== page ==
The first half has seen an improving operational performance on a number of fronts, a set of results that underpins our guidance for the full year and continued progress on a number of strategic areas. In our key markets, the position is broadly unchanged. The U.S. business further enhanced the outlook with the order backlog increasing by $1 billion. The recent 2-year agreement to lift the U.S. budget caps is encouraging, adding near-term fiscal clarity and is in line with our planning assumptions. We remain well aligned with customer priorities and growth areas. In the U.K., we are focused on delivering our long-term contracted positions in Air and Maritime.

In Saudi Arabia, we continue to provide equipment, support and training under government-to-government agreements. Following the updates in March from the German government regarding export licenses, we continue to work closely with industry partners and the U.K. government to fulfill our contractual support arrangements in the Kingdom. We noted the judgment in June from the Court of Appeal, directing the Secretary of State for International Trade, to revisit the process for granting licenses for the sale of military equipment to Saudi Arabia. We will assess the results of this reconsideration once it has been made.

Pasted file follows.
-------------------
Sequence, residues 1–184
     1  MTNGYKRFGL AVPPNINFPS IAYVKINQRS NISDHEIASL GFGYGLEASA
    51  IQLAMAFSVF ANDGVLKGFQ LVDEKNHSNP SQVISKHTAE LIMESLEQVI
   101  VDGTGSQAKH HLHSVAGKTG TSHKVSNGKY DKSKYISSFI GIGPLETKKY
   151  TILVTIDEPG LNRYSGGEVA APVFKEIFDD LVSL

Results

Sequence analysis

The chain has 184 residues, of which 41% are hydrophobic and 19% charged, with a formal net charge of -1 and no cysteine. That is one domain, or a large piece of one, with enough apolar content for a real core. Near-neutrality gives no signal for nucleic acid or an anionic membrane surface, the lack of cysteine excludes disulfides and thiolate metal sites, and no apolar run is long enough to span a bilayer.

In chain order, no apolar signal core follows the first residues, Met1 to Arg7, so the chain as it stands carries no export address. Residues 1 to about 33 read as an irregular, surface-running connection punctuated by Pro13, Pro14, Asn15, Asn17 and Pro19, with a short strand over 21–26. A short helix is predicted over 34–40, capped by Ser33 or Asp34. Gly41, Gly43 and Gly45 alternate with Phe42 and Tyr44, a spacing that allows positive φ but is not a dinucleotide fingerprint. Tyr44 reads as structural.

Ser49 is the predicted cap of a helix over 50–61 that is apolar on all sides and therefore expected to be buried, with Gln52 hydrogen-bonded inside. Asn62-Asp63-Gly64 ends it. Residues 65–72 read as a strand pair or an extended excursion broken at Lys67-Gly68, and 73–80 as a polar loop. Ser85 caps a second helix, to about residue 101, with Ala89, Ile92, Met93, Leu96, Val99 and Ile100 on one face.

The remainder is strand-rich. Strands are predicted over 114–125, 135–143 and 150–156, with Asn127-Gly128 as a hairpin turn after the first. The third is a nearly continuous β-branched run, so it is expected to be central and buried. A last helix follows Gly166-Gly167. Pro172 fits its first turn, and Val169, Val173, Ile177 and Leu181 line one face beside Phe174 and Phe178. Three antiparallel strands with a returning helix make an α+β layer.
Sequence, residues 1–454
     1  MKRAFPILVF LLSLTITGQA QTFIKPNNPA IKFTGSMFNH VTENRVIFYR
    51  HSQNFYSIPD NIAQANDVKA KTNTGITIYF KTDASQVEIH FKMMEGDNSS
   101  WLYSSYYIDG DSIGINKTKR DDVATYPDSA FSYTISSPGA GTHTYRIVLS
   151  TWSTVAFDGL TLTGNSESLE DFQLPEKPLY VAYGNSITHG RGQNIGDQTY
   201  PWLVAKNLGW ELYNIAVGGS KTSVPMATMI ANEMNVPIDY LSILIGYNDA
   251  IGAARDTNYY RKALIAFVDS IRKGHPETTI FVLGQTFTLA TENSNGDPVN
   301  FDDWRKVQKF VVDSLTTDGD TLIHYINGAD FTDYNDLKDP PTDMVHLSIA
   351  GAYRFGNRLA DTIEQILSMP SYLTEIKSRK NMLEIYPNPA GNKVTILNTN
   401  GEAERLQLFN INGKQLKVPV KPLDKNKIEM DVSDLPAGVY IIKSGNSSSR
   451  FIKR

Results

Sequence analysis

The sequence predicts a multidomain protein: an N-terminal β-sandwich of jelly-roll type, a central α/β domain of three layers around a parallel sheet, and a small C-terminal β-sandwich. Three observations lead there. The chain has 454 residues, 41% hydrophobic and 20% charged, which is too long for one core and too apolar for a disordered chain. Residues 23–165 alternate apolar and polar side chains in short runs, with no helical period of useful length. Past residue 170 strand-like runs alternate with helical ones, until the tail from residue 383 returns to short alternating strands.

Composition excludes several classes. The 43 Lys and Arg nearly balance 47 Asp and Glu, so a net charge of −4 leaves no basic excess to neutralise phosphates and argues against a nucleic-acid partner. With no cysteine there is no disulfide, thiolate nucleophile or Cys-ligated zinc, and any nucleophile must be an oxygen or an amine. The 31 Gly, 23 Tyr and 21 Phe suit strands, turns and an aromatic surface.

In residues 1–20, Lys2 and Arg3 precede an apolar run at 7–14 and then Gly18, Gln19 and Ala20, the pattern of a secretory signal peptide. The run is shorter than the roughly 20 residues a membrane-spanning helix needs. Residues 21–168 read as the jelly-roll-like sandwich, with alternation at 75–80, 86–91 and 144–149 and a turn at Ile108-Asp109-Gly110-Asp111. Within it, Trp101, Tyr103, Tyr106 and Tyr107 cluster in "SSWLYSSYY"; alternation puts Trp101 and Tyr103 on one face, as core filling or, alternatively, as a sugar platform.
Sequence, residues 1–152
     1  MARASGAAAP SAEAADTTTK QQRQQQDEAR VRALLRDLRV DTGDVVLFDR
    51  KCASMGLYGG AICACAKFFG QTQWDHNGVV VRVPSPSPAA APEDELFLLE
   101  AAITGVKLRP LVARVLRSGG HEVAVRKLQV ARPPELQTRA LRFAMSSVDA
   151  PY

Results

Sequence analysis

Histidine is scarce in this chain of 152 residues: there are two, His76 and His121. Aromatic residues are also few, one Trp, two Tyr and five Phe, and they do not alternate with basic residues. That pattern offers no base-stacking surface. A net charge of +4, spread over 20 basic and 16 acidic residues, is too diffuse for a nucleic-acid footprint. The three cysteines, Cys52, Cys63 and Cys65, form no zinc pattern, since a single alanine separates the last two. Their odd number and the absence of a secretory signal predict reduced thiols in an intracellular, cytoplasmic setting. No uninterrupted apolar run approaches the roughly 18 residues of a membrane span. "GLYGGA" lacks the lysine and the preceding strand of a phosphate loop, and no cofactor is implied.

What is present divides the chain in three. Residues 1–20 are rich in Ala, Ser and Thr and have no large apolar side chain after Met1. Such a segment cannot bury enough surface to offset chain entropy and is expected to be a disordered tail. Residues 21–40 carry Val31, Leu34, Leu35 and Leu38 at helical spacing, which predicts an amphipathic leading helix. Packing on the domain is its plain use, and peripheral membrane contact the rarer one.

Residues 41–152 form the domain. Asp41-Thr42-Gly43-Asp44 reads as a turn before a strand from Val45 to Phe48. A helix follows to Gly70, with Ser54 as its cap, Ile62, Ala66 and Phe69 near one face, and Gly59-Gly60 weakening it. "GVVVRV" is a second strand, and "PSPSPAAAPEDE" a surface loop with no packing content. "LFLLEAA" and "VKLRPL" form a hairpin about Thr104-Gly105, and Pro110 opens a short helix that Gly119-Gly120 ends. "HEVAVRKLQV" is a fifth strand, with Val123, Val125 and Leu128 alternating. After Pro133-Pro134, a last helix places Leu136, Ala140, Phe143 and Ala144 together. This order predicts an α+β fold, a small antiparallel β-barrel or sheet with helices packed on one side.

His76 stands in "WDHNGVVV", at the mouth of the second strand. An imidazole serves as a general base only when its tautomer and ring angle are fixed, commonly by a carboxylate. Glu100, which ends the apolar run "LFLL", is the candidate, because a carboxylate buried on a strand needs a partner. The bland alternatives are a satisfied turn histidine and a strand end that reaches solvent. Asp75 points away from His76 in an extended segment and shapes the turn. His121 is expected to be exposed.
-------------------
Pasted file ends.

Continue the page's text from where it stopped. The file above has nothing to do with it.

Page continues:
Whilst the geopolitical environment does remain challenging, the group has a strong order backlog and balance sheet, a well-positioned portfolio and long-term positions on key programs. These are foundations for us to deliver growth and sustainable cash flow. Reflecting this outlook for the business and performance to date, the interim dividend has been increased by 4.4%. Our priority is the delivery of consistent and strong operational performance for our customers and shareholders. Appropriate actions have been taken to tackle operational challenges, and we are ramping activity across a number of our businesses.

Future growth is underpinned by performance on our big programs. So I'll run through an update of how they're progressing just as we did at the Capital Markets Day.